SCHULTZ, JR. v. MIDLAND CREDIT MANAGEMENT, INC., No. 2:2016cv04415 - Document 150 (D.N.J. 2022)

Court Description: OPINION. Signed by Judge Madeline Cox Arleo on 7/29/2022. (lag, )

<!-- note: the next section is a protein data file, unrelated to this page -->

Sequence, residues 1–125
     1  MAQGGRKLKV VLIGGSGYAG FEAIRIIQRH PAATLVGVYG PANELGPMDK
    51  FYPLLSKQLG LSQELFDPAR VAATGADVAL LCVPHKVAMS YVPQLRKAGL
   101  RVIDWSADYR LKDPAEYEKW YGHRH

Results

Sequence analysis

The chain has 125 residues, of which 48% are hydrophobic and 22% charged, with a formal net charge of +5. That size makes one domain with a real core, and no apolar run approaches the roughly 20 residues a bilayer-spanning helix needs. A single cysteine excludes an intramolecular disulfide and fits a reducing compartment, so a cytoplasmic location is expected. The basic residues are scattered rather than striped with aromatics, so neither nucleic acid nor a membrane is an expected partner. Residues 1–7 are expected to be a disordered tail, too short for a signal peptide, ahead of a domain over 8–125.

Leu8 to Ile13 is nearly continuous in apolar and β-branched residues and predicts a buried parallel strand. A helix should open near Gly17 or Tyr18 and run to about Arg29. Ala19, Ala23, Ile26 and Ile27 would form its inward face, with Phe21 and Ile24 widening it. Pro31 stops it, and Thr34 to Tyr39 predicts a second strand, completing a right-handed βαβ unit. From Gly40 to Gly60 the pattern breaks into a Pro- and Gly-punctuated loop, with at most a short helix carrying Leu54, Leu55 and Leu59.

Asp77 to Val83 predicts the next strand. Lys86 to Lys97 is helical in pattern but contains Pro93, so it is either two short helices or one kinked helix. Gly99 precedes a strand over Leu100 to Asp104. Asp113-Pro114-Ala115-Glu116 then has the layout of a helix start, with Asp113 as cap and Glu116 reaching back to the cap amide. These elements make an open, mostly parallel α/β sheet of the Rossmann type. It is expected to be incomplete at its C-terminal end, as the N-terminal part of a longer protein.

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*FOR PUBLICATION* UNITED STATES DISTRICT COURT DISTRICT OF NEW JERSEY ROBERT A. SCHULTZ, JR., et al., Plaintiffs, Civil Action No. 16-4415 v. OPINION MIDLAND CREDIT MANAGEMENT, INC., Defendant. ARLEO, UNITED STATES DISTRICT JUDGE THIS MATTER comes before the Court on Defendant Midland Credit Management, Inc.’s (“Defendant” or “MCM”) (1) Motion to Decertify the Class and (2) Motion for Summary Judgment. ECF Nos. 124, 125. Named Plaintiffs Robert A. Schultz, Jr. (“Robert”) and Donna L. Schultz (“Donna”) and the Class (collectively, “Plaintiffs”) oppose the Motions and cross-move for Summary Judgment. ECF Nos. 131, 132. For the reasons explained below, Defendant’s Motion for Summary Judgment is GRANTED, Plaintiff’s Cross-Motion for Summary Judgment is DENIED, and the Motion to Decertify the Class is DENIED AS MOOT. This class action arises from claims that Defendant violated the Fair Debt Collection Practices Act (“FDCPA”), 15 U.S.C. §§ 1692, et seq., by sending collection letters to Plaintiffs that were deceptive and misleading. See generally Am. Compl., ECF No. 10. This Court granted Plaintiff’s Motion for Class Certification on June 5, 2020, ECF Nos. 98-99, and the Supreme Court issued its decision in TransUnion LLC v. Ramirez, 141 S. Ct. 2190 (2021) the following year. In light of TransUnion, Defendants now challenge Plaintiffs’ standing to assert their claims in federal court. 1 I. FACTUAL BACKGROUND1 MCM is an agency that regularly collects or attempts to collect past-due consumer debts. Am. Compl. ¶¶ 5-19; Pl. RSOMF ¶ 1. On August 24, 2015, MCM mailed collection letters to Robert and Donna to collect on separate debts of under $600, where Capital One was the underlying creditor. Def. SOMF ¶¶ 2-3; Pl. RSOMF ¶¶ 2-3.2 The Collection Letters contained the following language: “We are not obligated to renew this offer. We will report forgiveness of debt as required by IRS regulations. Reporting is not required every time a debt is canceled or settled, and might not be required in your case.” Id. ¶ 23 (the “IRS Reporting Language”). Def. SOMF ¶ 6; Pl. RSOMF ¶ 2. Under the Department of Treasury and Internal Revenue Service (“IRS”) regulations, only discharges of indebtedness greater than $600 are subject to reporting, with certain exceptions. Am. Compl. ¶ 25; see also 26 C.F.R. § 1.6050P-1(a) (explaining IRS reporting requirements for discharges of indebtedness). As Plaintiffs’ debts were less than $600, see Collection Letters, “there c[ould] never be a discharge of indebtedness over $600” in principle and Defendant “never” would be “required to report” a discharge of Plaintiff’s debts “to the IRS.” Am. Compl. ¶ 27. Accordingly, Plaintiffs allege that the IRS Reporting Language is false, deceptive, and misleading in violation of the FDCPA because it implies there could be “negative consequences with the [IRS]” and “deliberately fails to disclose that such reporting is required under only limited circumstances.” Id. ¶¶ 29-30, 34. Robert and Donna have not made any payments on the debt owed to MCM. Def. SOMF ¶ 9. At their depositions, they testified that they could not afford to pay their debts and were struggling to pay their rent at that time. Id. Donna stated that upon reading the Collection Letters, These facts are drawn from Defendant’s Statement of Material Facts (“Def. SOMF”), ECF No. 125.11, and Plaintiffs’ Responsive Statement of Material Facts (“Pl. RSOMF”), ECF No. 131.2. 1 Because the two letters are substantially similar, the Court refers to them collectively as the “Collection Letters.” See Am. Compl. Exs. A-B. 2 2 she “panicked” based on her belief that the letters threatened IRS involvement and that she was “in some kind of trouble.” Pl. RSOMF ¶ 7. Robert similarly testified that he was worried MCM would involve the IRS in its collections, that he sent the letter to his lawyer, and that he felt scared and intimidated by the prospect of IRS involvement. Id. ¶¶ 12-14. II. PROCEDURAL HISTORY On July 20, 2016, Plaintiff filed this putative class action, ECF No. 1, and amended the Complaint on November 22, 2016, ECF No. 10. The Amended Complaint asserts a single count of a violation of 15 U.S.C. § 1692e (“Section 1692e”). Am. Compl. ¶¶ 48-57. On June 5, 2020, the Court granted Plaintiffs’ Motion for Class Certification, appointing Robert and Donna as class representatives, and certifying the class as: All natural persons with addresses within the state of New Jersey, to whom, beginning July 20, 2015 through and including April 25, 2016, Midland Credit Management, Inc., sent a Section 1692g initial communication or “LT1Y” letter in an attempt to collect a consumer debt with an original creditor of Capital One and a current balance of less than $600 at the time the letter was sent, which contained the [IRS Reporting Language]. ECF No. 124. The instant Motions followed. III. LEGAL STANDARD Pursuant to Federal Rule of Civil Procedure 56(c), the Court will grant a motion for summary judgment if the pleadings, depositions, answers to interrogatories, and admissions on file, together with available affidavits, show that there is no genuine dispute as to any material fact and that the moving party is entitled to judgment as a matter of law. See Anderson v. Liberty Lobby, Inc., 477 U.S. 242, 247 (1986); Celotex Corp. v. Catrett, 477 U.S. 317, 322 (1986). “[S]ummary judgment may be granted only if there exists no genuine issue of material fact that would permit a reasonable jury to find for the nonmoving party.” Miller v. Ind. Hosp., 843 F.2d 139, 143 (3d Cir. 1988). 3 The Court construes all facts and inferences in the light most favorable to the non-moving party. Peters v. Del. River Port Auth., 16 F.3d 1346, 1349 (3d Cir. 1994). “[A] party opposing a properly supported motion for summary judgment may not rest upon the mere allegations or denials of his pleading, but . . . must set forth specific facts showing that there is a genuine issue for trial.” Anderson, 477 U.S. at 248 (citing First Nat’l Bank of Ariz. v. Cities Serv. Co., 391 U.S. 253, 288-89 (1968)) (internal quotation marks omitted). IV. DISCUSSION Defendant argues that this Court lacks subject matter jurisdiction because Plaintiffs cannot articulate a “concrete” injury caused by the Collection Letters under the standard set forth by the Supreme Court in TransUnion. The Court agrees. Under Article III of the U.S. Constitution, a plaintiff must establish standing to sue in federal court. Lujan v. Defs. of Wildlife, 504 U.S. 555, 560 (1992). Standing consists of three elements: “[(1)] an injury in fact, (2) that is fairly traceable to the challenged conduct of the defendant, and (3) that is likely to be redressed by a favorable judicial decision.” Spokeo, Inc. v. Robins, 578 U.S. 330, 338 (2016). “The Supreme Court has repeatedly described the question of Article III standing as a ‘threshold’ issue,” and courts have a continuing obligation to assure themselves of jurisdiction. Schaller v. United States SSA, 844 F. App’x 566, 570 (3d Cir. 2021) (quoting Wayne Land & Mineral Grp. LLC v. Del. River Basin Comm’n, 959 F.3d 569, 573-74 (3d Cir. 2020)). As the party invoking federal jurisdiction, the plaintiff bears the burden of establishing these elements. Lujan, 504 U.S. at 560. An injury in fact must be both particularized and concrete, affecting the plaintiff in a “personal and individual way,” and the plaintiff must show that the injury “actually exists, though it need not be tangible.” Lexmark Int’l, Inc. v. Static Control Components, Inc., 134 S. Ct. 1377, 4 1386 (2014); Thomas v. Youderian, 232 F. Supp. 3d 656, 665 (D.N.J. 2017) (citing Spokeo, 578 U.S. at 340). Although Congress has the power to “identify[] and elevat[e] intangible harms” to injuries that provide standing, “Article III standing requires a concrete violation even in the context of a statutory violation.” Spokeo, 578 U.S. at 341. The Supreme Court recently illustrated these principles in TransUnion, 141 S. Ct. at 2190. There, a class of individuals sued a credit reporting agency, TransUnion, in federal court for violating the Fair Credit Reporting Act. Id. at 2200. For one group of class members, TransUnion provided credit reports that incorrectly labeled individuals as potential terrorists to third-party businesses, but it did not disseminate the credit reports containing the same misleading information for the other group of class members. Id. The Court held that the latter class members lacked standing to sustain their claims, finding that they lacked a concrete injury and rejecting “the proposition that ‘a plaintiff automatically satisfies the injury-in-fact requirement whenever a statute grants a person a statutory right and purports to authorize that person to sue to vindicate that right.’” Id. at 2198 (quoting Spokeo, 578 U.S. at 341). As for the remaining class members whose credit reports were sent to third parties, the Court found that their injury bore a “close relationship” to the reputational harm akin to the tort of defamation sufficient to confer standing. Id. The Court explained that because the element of disclosure or publication was a key part of the interests protected by defamation, “[t]he mere presence of an inaccuracy in an internal credit file, if it is not disclosed to a third party, causes no concrete harm.” Id. at 2210. Where, as here, Plaintiffs concede that they have not suffered a tangible harm, in the wake of TransUnion they must demonstrate some other intangible harm that bears a “‘close relationship’ to a harm ‘traditionally recognized as providing a basis for a lawsuit in American courts.’” Id. at 2204; Pl. Opp. to MSJ at 21-22, ECF No. 131. Plaintiffs argue that the FDCPA’s prohibition on 5 false or deceptive statements bears a resemblance to the traditional cause of action for fraud. Pl. Opp. to MSJ at 23. Under New Jersey law, the elements of fraud are: “(1) a material misrepresentation of a presently existing or past fact; (2) knowledge or belief by the defendant of its falsity; (3) an intention that the other person rely on it; (4) reasonable reliance thereon by the other person; and (5) resulting damages.” Allstate N.J. Ins. Co. v. Lajara, 222 N.J. 129, 147 (2015) (quoting Banco Popular N. Am. v. Gandi, 184 N.J. 161, 172-73 (2005)). Defendants principally argue that Plaintiffs are unable to show an injury that bears a close relationship to the traditional fraud injury of damages caused by reasonable reliance. Def. Mem. at 18-19, ECF No. 125. The Court agrees. Plaintiffs contend that when they read the Collection Letters, they “believed and relied on the threat by thinking [MCM] would report them to the IRS, and Plaintiff[s] sustained damage in the form of fear, confusion, and distress.” Pl. Opp. at 23. However, post-TransUnion, courts consistently hold that “merely receiving a letter from a debt collector that was confusing or misleading . . . does not demonstrate a harm closely related to fraudulent or negligent misrepresentation—both of which require some form of reliance.” Age Kola v. Forster & Garbus LLP, No. 19-10496, 2021 WL 4135153, at *18 (S.D.N.Y. Sept. 10, 2021); see also Steinmetz v. Fin. Recovery Servs., No. 21-5981, 2022 WL 2441239, at *7 (E.D.N.Y July 5, 2022) (finding allegations of emotional harm to be insufficient for standing to bring a FDCPA claim); Madlinger v. Enhanced Recovery Co., LLC, No. 21-154, 2022 WL 2209929, at *13-14 (D.N.J. June 21, 2022) (collecting cases and finding that confusion from a debt collection letter was not a concrete injury); Wadsworth v. Kross, Lieberman & Stone, Inc., 12 F.4th 665, 668 (7th Cir. 2021) (“[A] plaintiff’s state of confusion resulting from an FDCPA-deficient communication, without any ensuing detriment, is not a concrete injury for if it were, then everyone would have standing to litigate 6 about everything.”) (internal quotation marks and citations omitted).3 While Plaintiffs assert that Congress has the power to elevate their emotional harm from the deceptive Collection Letters into a legally cognizable injury to enforce the central purpose of the FDCPA, Pl. Opp. to MSJ at 24, this argument was explicitly rejected in TransUnion. See 141 S. Ct. at 2205 (“Only those plaintiffs who have been concretely harmed by a defendant’s statutory violation may sue”). Although Plaintiffs recognize that “damages for fear and distress are not recoverable at common law for the tort of fraud-deceit,” they maintain that they still have a “close relationship” to common law fraud because TransUnion “does not require an exact duplicate in American history and tradition.” Pl. Opp. to MSJ at 22 (quoting TransUnion, 141 S. Ct. at 2204). However, Plaintiffs have offered no proof of reliance and Plaintiffs’ confusion and fear does not have a “close relationship” to a harm traditionally recognized as providing a basis for fraud. See Vaughan v. Fein, Such, Kahn & Shepard, P.C., No. 21-16013, 2022 WL 2289560, at *5 (D.N.J. June 24, 2022) (“[E]ven if the harm need only be similar in kind (but not degree), Plaintiff must at least allege some form of reliance.”); Rohl v. Prof’l Fin. Co., Inc., No. 21-17507, 2022 WL 1748244, at *3 (D.N.J. May 31, 2022) (finding no standing in FDCPA claim because the complaint “fails to plausibly allege that [the plaintiff] relied on [the defendant’s] representation”). 3 Plaintiffs contend that TransUnion recognized the possibility that confusion could be a concrete harm, as the Supreme Court explained that aside from the named plaintiff, there was no trial evidence “that [the other plaintiffs] were confused, distressed, or relied on the information in any way.” Pl. Opp. to MSJ at 29; 141 S. Ct. at 2214 (emphasis added). Plaintiffs’ reliance on this dicta is unavailing, particularly as no court has held that solely emotional harm is a basis for standing in claims sounding in fraud after TransUnion. See, e.g., Pennell v. Glob. Trust Mgmt., LLC, 990 F.3d 1041, 1045 (7th Cir. 2021) (holding that stress and confusion, without an accompanying physical manifestation, did not suffice for standing); Garland v. Orlans, PC, 999 F.3d 432, 440 (6th Cir. 2021) (finding no standing “[b]ecause bare allegations of confusion and anxiety do not qualify as injuries in fact”). In Thome v. Sayer Law Group., P.C., 567 F. Supp. 3d 1057, 1071-74 (N.D. Iowa 2021), the District Court of Iowa noted this language to find that confusion was part of the plaintiff’s harm to find standing, but even there, the plaintiff’s confusion caused her to not dispute her debt, resulting in financial harm. Because Plaintiffs “have identified no ‘downstream consequences’” from receiving the Collection Letters or from their emotional harm, they have failed to demonstrate any adverse effects to satisfy Article III. TransUnion, 141 S. Ct. at 2214. 7 Rather, to establish standing, Plaintiffs must show evidence that bears a close relationship to reliance and damages under fraud, such as taking or failing to take some action as a result of the Collections Letters, which caused harmful downstream effects. See, e.g., Thome, 567 F. Supp. 3d at 1071. As Plaintiffs conceded they did not have the means to make any payments, Def. SOMF ¶ 9, it is unclear how they could have relied on any misleading language in the Collections Letters, as they would not have paid their debt regardless of whether they read the IRS Reporting Language. See Sandoval v. Midland Funding, LLC, No. 18-9396, 2022 WL 2116769, at *14 (D.N.J. June 13, 2022) (finding no reliance on debt collection letters where the plaintiffs “did not make any payments on their debts after receiving [the letters] and failed to make payment because of their financial means to do so”); Kola, 2021 WL 4135153, at *18 (finding no reliance on a debt collection letter where the plaintiff “had no decision to make in that regard due to her own financial constraints”). Moreover, the Court is unconvinced by Plaintiffs’ assertions that they need not prove reliance. First, Plaintiffs contend that requiring proof of reliance would go beyond the Court’s holding in TransUnion because there, the Court did not require the first class of plaintiffs—whose credit reports were disseminated to third parties—to prove that they suffered an adverse event from TransUnion’s misleading communication. Pl. Opp. to Decert. at 8-9, ECF No. 132. However, the TransUnion Court analogized the plaintiffs’ claims to defamation, not fraud, which does not require an element of reliance. 141 S. Ct. at 2198 (“Under longstanding American law, a person is injured when a defamatory statement that would subject him to hatred, contempt or ridicule is published to a third party” (internal quotation and citation omitted)). Because the Court did require the plaintiffs to prove the essential elements of the analogous common-law analogue, see id. at 2209, Plaintiffs must show proof of reliance, a key element of fraud, to survive summary judgment. 8 Second, Plaintiffs maintain that TransUnion stands only for the proposition that the plaintiffs must show that they meet the requirements for standing at the time of trial to uphold a judgment, and that no additional evidence is required at this stage of litigation. Pl. Opp. to Decert. at 17. But standing is a threshold issue that cannot be delayed until after summary judgment, and TransUnion reaffirmed this principle. See City of Los Angeles v. Lyons, 461 U.S. 95, 101 (1983) (“It goes without saying that those who seek to invoke the jurisdiction of the federal courts must satisfy the threshold requirement by Art. III of the Constitution by alleging an actual case or controversy.”); TransUnion, 141 S. Ct. at 2207 (“A plaintiff must demonstrate standing ‘with the manner and degree of evidence required at the successive stages of litigation.”) Plaintiffs have failed to establish that they have suffered a concrete harm sufficient to establish standing, and therefore the Court lacks subject matter jurisdiction over their claims. Accordingly, Defendant’s Motion for Summary Judgment is granted.4 V. CONCLUSION For the reasons stated above, Defendant’s Motion for Summary Judgment, ECF No. 125, is GRANTED, Plaintiffs’ Cross-Motion for Summary Judgment, ECF No. 131, is DENIED, and the Motion to Decertify the Class, ECF No. 124, is DENIED AS MOOT. Date: July 29, 2022 /s/ Madeline Cox Arleo Hon. Madeline Cox Arleo UNITED STATES DISTRICT JUDGE 4 Any renewed applications to the Court with a showing of reliance would necessarily require the Court to decertify the class as it is currently defined. Accordingly, the Court finds that the Motion to Decertify the Class should be denied as moot. 9